We found lots to see naked eye, reviewing the constellations of the season with the Milky Way clearly dividing the sky in two, then dived into the telescopes.  I was delighted that we had such a variety of scopes – two 8″ Schmidt Cassegrains on GOTO mounts, an 8″ reflector on a Dobsonian, my 115mm refractor, Stuart’s 130mm Newtonian, a couple of others I couldn’t identify in the dark and plenty of binoculars.

Ian took on the role of Messier-safari as usual, and he and David turned their scopes to Uranus and Neptune too.  My favourite of the night was the yellow-and-blue double star Albireo, showing clear and distinct colours enhanced by their proximity to one another.  Jim Kaler describes them in detail here.

Thanks to all those who came and contributed to a most enjoyable evening!

Simon

Summer Triangle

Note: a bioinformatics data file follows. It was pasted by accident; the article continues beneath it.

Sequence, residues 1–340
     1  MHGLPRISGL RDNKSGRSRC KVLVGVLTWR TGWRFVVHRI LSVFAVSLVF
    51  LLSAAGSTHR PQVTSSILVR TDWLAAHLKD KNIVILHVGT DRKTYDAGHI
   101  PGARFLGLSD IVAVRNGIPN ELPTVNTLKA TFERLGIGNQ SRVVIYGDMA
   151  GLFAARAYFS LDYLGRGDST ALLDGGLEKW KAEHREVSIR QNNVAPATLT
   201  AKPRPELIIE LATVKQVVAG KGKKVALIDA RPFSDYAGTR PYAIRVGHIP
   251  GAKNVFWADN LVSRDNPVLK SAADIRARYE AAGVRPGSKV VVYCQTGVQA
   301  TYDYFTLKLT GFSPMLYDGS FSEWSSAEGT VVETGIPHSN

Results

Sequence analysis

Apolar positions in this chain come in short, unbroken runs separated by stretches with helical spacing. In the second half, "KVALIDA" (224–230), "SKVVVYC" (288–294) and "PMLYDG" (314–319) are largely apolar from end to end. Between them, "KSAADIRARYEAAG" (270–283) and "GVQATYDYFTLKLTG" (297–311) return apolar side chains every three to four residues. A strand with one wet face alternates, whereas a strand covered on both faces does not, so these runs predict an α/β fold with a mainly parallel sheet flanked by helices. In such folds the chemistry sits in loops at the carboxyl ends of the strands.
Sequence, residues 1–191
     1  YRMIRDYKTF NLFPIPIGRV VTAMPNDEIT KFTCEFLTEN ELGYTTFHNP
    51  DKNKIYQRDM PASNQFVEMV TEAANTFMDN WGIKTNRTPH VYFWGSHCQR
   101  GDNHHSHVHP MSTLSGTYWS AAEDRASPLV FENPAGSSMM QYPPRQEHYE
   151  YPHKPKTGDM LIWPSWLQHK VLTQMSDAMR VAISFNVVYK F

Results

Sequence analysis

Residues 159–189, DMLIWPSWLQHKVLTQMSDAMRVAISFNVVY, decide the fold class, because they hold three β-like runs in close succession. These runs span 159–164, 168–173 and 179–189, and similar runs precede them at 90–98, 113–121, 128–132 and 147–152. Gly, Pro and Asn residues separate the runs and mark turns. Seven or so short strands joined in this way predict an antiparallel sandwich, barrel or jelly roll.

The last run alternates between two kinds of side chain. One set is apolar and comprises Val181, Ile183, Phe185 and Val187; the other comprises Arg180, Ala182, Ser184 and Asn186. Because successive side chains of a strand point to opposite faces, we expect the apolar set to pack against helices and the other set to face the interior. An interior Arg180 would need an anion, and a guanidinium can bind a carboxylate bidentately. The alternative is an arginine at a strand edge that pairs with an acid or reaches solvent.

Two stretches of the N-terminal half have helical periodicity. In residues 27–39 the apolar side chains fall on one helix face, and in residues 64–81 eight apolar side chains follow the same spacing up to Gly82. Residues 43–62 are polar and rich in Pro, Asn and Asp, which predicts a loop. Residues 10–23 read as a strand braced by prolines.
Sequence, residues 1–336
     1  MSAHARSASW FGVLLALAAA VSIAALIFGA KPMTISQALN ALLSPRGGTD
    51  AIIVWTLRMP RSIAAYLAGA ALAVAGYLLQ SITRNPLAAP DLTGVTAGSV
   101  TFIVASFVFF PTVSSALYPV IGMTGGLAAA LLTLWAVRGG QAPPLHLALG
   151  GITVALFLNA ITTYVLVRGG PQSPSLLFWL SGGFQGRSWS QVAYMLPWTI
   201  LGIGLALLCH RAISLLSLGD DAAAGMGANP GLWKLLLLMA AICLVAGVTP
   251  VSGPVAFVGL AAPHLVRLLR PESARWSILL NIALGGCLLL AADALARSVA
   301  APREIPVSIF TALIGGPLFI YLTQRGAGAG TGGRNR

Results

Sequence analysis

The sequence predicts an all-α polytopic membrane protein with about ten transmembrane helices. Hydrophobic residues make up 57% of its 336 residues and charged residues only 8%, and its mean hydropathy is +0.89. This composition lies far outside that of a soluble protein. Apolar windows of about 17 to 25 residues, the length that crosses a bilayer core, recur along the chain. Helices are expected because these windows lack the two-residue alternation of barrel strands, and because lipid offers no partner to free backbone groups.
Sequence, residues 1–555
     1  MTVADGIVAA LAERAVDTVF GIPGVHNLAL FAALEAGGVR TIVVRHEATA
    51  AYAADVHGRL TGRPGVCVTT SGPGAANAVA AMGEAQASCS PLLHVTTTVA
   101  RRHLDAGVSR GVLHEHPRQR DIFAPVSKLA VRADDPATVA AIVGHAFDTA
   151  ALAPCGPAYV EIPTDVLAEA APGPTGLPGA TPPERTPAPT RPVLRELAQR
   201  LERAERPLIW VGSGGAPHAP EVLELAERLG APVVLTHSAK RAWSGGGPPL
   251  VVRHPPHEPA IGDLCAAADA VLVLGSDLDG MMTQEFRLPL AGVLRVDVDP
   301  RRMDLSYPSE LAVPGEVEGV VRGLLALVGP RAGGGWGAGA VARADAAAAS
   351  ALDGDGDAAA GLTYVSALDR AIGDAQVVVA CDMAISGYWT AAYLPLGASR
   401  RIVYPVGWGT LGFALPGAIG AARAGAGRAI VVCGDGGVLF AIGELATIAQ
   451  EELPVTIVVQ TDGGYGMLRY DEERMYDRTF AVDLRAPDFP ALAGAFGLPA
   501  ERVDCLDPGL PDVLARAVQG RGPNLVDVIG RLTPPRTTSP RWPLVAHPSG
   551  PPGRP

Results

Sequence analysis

The “Summer Triangle” is a once-seen-never-forgotten asterism and is very easy to pick out at the moment.  I attempted a wide-angle image on Sunday night, which featured in the Observing Evening presentation after some quick processing.

Wide-angle astrophotos need a very different approach to processing, especially with light pollution that catches the moisture in the air and casts a colour gradient across the image.  Here is the more carefully processed version.

As well as the three stars making up the Summer Triangle, (clockwise Deneb in Cygnus, Vega in Lyra and Altair in Aquila), against the background of the Milky Way, you can pick out the smaller constellations of Delphinus and Sagitta, together with the “Coathanger” asterism – which looks spectacular through the telescope.